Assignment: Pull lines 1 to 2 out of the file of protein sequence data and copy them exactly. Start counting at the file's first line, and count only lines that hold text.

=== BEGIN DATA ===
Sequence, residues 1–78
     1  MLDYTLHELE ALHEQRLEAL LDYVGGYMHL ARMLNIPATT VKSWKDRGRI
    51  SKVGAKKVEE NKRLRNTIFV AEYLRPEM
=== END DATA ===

Sequence, residues 1–78
     1  MLDYTLHELE ALHEQRLEAL LDYVGGYMHL ARMLNIPATT VKSWKDRGRI